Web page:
GM: I also enjoy the sketches and artwork from the fans included in the book.
LP: Thank you. I had the idea in 2014 and started to collect all these stories, but with other commitments I had to back off from it, but I always came back to it. In early 2016, I started to do it in earnest and it was coming together really well and then David got ill and then he died. I took six months off at that point. During that time I noticed this tsunami of love coming through and this really deep hurt that people were feeling. It just changed the whole dynamics of what I was doing. The fans were starting to send me things that were so more profound and deeper about their own lives and were being so honest. For many it turned out to be a healing process. I found it to be so moving on the role this man had in their lives. A number of guys who came forward said they couldn’t talk about David Cassidy in their teens because they would have been beaten up in school, but have always loved his music, and because of him became songwriters and because of him decided to play guitar and have a career in music. In a way it is a standing ovation to David’s life and it is a huge thank you from every fan.
GM: There is a common theme throughout the book of the impact of David on people’s lives.
LP: Yes there is. My mother who is 88 has read the book. I can’t see her in person now because of all this coronavirus business, but she told me on the telephone, “I am hearing their voices when I am reading the book and can hear their emotion.” It is all written in the first person with an overall theme on how much they loved him and how underappreciated he seemed to be.
GM: Each December do you play The Partridge Family’s song “My Christmas Card to You?”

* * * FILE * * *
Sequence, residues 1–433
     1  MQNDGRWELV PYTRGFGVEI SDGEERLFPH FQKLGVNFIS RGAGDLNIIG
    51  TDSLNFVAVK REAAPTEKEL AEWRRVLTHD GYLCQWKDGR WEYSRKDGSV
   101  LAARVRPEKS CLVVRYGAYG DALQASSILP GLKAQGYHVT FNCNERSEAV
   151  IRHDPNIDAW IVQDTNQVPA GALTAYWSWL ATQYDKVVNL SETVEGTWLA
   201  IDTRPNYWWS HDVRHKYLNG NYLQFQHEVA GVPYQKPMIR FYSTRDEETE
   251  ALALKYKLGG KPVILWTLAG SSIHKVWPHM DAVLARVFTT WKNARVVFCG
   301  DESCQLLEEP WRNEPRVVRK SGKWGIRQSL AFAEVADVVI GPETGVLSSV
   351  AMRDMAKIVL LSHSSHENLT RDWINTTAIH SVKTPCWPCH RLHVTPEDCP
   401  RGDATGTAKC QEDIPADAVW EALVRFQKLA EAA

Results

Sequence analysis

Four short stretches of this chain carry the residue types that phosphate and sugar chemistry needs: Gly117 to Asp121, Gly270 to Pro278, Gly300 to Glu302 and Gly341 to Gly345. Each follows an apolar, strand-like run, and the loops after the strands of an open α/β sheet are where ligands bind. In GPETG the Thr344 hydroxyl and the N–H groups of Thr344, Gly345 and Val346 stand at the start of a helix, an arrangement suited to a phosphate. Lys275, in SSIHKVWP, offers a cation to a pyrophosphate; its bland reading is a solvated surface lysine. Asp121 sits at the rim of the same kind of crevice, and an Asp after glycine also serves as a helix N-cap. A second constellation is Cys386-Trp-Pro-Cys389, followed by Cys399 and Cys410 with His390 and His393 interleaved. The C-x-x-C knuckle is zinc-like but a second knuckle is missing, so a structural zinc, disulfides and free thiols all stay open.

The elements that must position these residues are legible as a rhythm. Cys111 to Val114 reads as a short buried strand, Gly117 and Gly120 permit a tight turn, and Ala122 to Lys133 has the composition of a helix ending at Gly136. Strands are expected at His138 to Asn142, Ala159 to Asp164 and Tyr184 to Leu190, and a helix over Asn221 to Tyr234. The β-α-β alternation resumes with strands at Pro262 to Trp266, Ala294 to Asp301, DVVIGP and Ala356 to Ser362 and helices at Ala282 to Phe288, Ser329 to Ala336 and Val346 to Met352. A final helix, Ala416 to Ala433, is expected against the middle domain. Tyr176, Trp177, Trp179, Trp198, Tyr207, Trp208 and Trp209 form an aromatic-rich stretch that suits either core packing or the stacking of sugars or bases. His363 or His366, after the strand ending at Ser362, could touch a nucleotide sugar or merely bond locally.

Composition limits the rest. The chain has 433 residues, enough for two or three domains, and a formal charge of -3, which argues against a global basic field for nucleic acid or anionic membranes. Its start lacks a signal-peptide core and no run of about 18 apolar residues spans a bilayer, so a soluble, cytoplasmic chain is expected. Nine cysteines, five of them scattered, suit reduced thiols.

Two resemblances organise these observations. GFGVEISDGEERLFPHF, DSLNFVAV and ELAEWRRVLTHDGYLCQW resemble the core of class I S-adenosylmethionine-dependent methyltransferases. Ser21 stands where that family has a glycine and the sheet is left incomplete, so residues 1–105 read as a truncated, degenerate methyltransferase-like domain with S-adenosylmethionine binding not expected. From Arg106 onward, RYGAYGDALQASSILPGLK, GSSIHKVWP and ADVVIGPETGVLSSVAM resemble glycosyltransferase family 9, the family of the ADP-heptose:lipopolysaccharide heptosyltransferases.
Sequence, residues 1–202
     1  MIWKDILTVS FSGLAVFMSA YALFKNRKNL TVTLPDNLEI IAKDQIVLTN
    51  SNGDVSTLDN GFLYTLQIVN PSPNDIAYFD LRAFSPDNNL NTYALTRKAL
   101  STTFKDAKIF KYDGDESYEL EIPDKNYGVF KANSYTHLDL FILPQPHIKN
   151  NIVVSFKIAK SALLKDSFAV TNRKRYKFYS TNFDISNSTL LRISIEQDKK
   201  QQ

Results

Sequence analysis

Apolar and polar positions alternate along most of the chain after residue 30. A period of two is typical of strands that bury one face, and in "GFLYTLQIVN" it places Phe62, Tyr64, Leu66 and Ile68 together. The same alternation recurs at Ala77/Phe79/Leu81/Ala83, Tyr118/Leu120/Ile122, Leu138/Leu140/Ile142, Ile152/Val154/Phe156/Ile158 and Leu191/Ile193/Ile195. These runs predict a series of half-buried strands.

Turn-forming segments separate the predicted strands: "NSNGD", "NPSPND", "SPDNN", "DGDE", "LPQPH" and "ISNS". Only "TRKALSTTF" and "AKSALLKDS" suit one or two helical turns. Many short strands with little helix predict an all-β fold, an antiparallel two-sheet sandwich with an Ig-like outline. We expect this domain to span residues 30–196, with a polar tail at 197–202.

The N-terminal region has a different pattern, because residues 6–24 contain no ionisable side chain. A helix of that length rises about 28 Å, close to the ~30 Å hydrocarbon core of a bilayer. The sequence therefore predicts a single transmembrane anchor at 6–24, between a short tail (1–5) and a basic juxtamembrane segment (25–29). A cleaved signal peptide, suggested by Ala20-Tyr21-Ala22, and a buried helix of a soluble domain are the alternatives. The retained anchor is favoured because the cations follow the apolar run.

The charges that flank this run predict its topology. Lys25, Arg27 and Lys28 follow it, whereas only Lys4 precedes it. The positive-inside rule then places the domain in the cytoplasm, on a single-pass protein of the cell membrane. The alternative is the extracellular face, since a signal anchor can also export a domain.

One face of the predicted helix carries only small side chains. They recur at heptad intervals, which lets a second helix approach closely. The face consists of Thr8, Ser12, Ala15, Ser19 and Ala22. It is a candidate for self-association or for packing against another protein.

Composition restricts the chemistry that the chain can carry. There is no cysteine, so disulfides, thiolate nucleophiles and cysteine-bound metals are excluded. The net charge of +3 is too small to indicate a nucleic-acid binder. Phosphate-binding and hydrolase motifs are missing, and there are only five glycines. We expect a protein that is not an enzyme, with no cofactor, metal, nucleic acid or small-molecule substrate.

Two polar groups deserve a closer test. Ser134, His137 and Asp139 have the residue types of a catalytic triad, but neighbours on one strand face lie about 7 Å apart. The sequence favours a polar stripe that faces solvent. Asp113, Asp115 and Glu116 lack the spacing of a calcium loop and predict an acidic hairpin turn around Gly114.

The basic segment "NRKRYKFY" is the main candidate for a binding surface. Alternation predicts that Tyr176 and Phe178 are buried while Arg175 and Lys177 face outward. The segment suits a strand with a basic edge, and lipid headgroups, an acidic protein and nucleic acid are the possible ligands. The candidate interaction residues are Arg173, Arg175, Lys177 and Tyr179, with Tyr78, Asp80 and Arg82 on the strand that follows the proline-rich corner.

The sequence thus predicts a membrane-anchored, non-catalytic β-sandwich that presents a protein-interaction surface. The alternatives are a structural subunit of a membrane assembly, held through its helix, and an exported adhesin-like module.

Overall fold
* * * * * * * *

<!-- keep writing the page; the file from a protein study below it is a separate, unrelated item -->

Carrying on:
LP: I certainly do. When the album came out in 1971, it had a Christmas card on the cover in a slot. I took the card out and put it on the mantle. For quite a few years that Christmas card would have its place among all the other Christmas cards that would come. That is one of the greatest songs never released as a single. It was a masterpiece on that album. It was the best selling Christmas album in 1971 and was No. 1 for multiple weeks. Tony Romeo, who wrote that song, was such a master of storytelling and he also wrote “I Think I Love You,” which started it all for The Partridge Family and David Cassidy. Here in the UK, we never thought of him as Keith Partridge but as David Cassidy, the pop star. So many people here wanted to record him. David Bowie, Elton John and others expressed their interest. Mick Ronson and David were going to form a band in the late 1970s but that never happened. I remember interviews with Elton John having such an appreciation for his talent and stating that he wanted to record him. They did jam together on stage in New Zealand in 1974 on David’s world tour. Elton John was in town at the same time and they played a whole selection of songs together. David’s work as a live artist was at its peak in that era. Whenever he would peform Partridge Family songs on stage, he would perform them the way he wanted to sing them, not the way they were originally recorded. Some of the songs would be given a full Chicago band-type treatment with a backing filled with brass. I saw him first in 1973, then 1974 and didn’t see him in concert again until 2002 and then for a final time in 2004, all in the UK. It was interesting on the long gap between 1974 and 2002, as soon as he was on the stage, I was a teenager again. He didn’t have his long hair or skin tight suit but he ran onto the stage and for one more night I could be fifteen years old again. People want to remember the good days. Photographers went into their attics and shared photos of David they hadn’t seen in over forty years for the book. There are so many fan magazine covers in the book too that people may remember. Thank you so much for your time and interest and I hope people in America will enjoy the book.